While not planned as such, the Show Me the Coasters tour can be thought of as a three leg trip: pre Missouri, Missouri, and post Missouri. The first leg, covered in parts one through three, was Rob and I attempting to rack up as many credits as possible. Now, with the addition of two companions (Evan and Andrew), it was time for the second leg of the tour to begin. The first leg of the trip had been a ton of fun already, but it was this leg that had the most surprises in store. Three parks awaited in Missouri, all decent sized regional theme parks. Each was operated by a different chain, and as such had its own unique character. Of the three, two are often looked down upon by enthusiasts, but I'm going to be completely honest...our experience throughout was nothing like what we expected.
Show Me The Coasters
Part 4: Six Flags Over Mid-America
With a late night for everyone involved, it was difficult to keep to our morning schedule. Complicating this was the discovery of a breakfast area overrun with unsupervised children, several of which were pretending to run the room like a restaurant. Quickly realizing the two waffle makers were being controlled by the world's least efficient waffle chef, I abandoned my usual hotel standby for a much quicker muffin and attempted to usher the group out to the car. If there was a time I came off as annoying, it was this morning. Why, you ask, was I so insistent that we get going? Would it really matter if we rolled up to the park 5-10 minutes late?
Well, I like to include a few non-park activities in my tours, and today was one such day. Before heading out to the second (and final) Six Flags property of the tour, we had an additional stop: the Gateway Arch. Unfortunately, this is a low capacity attraction, and as such all tickets are timed entry. Miss your time, and you're relegated to standby status, meaning the experience could come with an indeterminate wait.
It was forty minutes to our tour when we finally pulled out of the parking lot, twenty-five minutes away from the monument. Fortunately, on a Tuesday morning parking was painless, and after putting a couple dollars in the meter we walked over to the arch. No, we didn't make our tour time, but low crowds meant we could be accommodated on the next tour.
The arch itself is somewhat like a theme park attraction. Guests queue in a hallway adorned with timelines highlighting significant milestones in the history of the arch. Forty at a time, the group is ushered into a room to watch a hokey preshow setting the mood of the 1960s yet making almost no reference to the monument itself. From here, you're grouped by fives and loaded into a small capsule to take the 4 minute journey up to the top of the monument.
This was my second visit to the top of the arch, and I must admit on my first I found it a bit underwhelming. This time, however, the experience was much different. When not packed full of tourists, the observation deck is quite unique, providing an experience somewhat different from the typical viewing level of a skyscraper.
Not only must you look out through small slits recessed deep into the wall, the arch also affords the ability to look straight down at the ground 630 ft. below. For those with a fear of heights, it may be unnerving. For those who simply enjoy a good view, lots could be seen from the top.
After about twenty minutes, we had seen all there was to see, so the four of us headed back to the tram and descended to ground level. Time did not permit a thorough examination of the adjacent museum, so we gave it a cursory glance, took a few pictures on the outside, then headed back to the car and set off for the park of the day. For 45 minutes away from downtown St. Louis was one of the original Six Flags parks, and with a tight schedule we had only a half day there.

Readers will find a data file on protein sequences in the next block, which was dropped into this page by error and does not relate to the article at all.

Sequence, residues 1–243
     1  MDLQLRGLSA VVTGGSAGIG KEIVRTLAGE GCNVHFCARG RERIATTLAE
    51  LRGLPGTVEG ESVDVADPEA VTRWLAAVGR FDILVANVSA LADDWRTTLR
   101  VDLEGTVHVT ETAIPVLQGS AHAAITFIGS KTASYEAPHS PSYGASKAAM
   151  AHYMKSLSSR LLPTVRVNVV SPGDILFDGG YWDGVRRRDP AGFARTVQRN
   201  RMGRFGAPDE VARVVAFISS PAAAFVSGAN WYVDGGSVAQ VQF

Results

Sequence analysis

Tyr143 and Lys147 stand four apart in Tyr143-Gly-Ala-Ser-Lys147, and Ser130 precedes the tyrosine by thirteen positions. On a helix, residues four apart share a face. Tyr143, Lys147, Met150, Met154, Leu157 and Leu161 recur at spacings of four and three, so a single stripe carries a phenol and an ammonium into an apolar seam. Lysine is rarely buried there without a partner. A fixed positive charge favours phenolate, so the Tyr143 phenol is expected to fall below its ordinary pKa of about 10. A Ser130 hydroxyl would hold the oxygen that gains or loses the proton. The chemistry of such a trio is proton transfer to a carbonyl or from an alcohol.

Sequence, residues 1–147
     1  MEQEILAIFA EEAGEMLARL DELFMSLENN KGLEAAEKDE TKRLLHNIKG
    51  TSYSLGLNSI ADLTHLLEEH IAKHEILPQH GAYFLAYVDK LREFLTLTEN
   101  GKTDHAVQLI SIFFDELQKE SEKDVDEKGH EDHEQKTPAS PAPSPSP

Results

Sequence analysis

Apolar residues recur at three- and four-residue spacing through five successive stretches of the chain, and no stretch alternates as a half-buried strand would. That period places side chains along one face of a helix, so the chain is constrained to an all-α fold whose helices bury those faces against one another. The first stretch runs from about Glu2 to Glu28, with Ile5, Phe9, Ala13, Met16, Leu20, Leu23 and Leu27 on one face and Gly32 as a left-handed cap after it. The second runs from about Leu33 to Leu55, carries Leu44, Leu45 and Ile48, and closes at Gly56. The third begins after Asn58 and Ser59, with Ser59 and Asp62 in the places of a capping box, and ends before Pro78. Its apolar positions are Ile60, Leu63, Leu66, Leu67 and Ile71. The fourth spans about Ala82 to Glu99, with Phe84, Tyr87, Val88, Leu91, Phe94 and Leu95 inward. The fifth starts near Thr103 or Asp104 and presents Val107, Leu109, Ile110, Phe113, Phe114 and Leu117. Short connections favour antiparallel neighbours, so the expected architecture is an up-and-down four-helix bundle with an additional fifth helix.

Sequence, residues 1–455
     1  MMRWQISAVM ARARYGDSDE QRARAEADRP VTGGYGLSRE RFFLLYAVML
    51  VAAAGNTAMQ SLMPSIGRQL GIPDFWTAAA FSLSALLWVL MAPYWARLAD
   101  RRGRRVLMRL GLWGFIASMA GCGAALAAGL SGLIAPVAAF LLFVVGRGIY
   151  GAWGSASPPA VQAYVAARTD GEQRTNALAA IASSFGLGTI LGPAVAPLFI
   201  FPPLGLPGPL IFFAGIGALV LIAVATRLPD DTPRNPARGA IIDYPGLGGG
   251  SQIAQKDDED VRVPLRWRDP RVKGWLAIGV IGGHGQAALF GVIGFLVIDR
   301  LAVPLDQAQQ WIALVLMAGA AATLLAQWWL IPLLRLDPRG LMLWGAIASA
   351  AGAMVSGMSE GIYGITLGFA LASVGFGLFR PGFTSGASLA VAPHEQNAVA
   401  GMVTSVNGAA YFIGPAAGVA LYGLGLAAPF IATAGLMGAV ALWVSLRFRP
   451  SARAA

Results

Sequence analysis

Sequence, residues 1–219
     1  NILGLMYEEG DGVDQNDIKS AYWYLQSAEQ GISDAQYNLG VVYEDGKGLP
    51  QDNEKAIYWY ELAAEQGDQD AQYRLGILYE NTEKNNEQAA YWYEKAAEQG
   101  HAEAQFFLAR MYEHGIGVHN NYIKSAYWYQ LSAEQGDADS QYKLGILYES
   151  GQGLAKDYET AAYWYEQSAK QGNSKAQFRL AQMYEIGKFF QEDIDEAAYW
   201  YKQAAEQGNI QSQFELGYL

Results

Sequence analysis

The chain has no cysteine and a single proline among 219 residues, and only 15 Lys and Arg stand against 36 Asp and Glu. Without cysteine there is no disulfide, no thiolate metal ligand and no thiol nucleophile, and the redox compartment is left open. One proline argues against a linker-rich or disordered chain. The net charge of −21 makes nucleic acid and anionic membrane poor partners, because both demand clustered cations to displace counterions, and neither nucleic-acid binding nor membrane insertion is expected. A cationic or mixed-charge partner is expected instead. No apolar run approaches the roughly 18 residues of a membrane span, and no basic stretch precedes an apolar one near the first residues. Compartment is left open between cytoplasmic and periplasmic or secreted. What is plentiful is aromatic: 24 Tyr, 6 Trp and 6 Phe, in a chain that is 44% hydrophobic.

Six Flags St. Louis opened in 1971 as the third and final park built from the ground up by Six Flags. As one of the chain's smaller parks (though still reasonably large), this park lacks the signature thrills often associated with the brand. Instead, this is perhaps the most family-friendly park in the chain after Six Flags Over Texas, with tons of attractions that everyone can ride together and a nice balance of rides for all intensity preferences. Sadly, the park has a bit of a poor reputation among the enthusiast community, with some advising to avoid the park even if you're in the area for other means. I, on the other hand, remembered enjoying the park on my previous visit in 2011, and tried my best to get the others hyped for a fun day.
Unfortunately, the first impression we got from the park wasn't so great. By arriving about 30 minutes after opening, we were caught in the crush of cars entering the parking lot, leading to a short delay. We also learned that Boss, the park's largest coaster, was down for unexpected maintenance, which put a slight damper on the day. However, we patiently waited in the crawling queue to enter the park, set on making the best of the five hours that remained before we had to head out.
Our first stop of the day was American Thunder, still no more than a two train wait even an hour after opening. The newest custom coaster at the park, American Thunder is a smaller GCI that rides more like a family coaster.
Despite the ride's age, it still runs reasonably smooth, and though the ride is a bit lacking in intensity it does have a few nice pops of airtime. Fun, but a tad forgettable compared to other GCIs.
One coaster down, we continued around the loop to Mr. Freeze Reverse Blast, a unique LIM shuttle coaster built by Premier Rides. I rode this coaster's twin at Six Flags Over Texas back in March, so I was particularly excited to ride this one again. Our group also contained a huge Premier fan (Andrew), and this would be Evan's 400th coaster, so it was exciting for all. The ride is pretty much the same as the Texas version...fast launch, really interesting layout, lots of intensity, some hangtime, and a bit disorienting. I'm not the biggest fan of shuttle coasters, but this is definitely among the best I've ridden of the type. This is also SFStL's most popular ride, with an hour wait for much of the day (we managed to ride with about a 20 minute wait).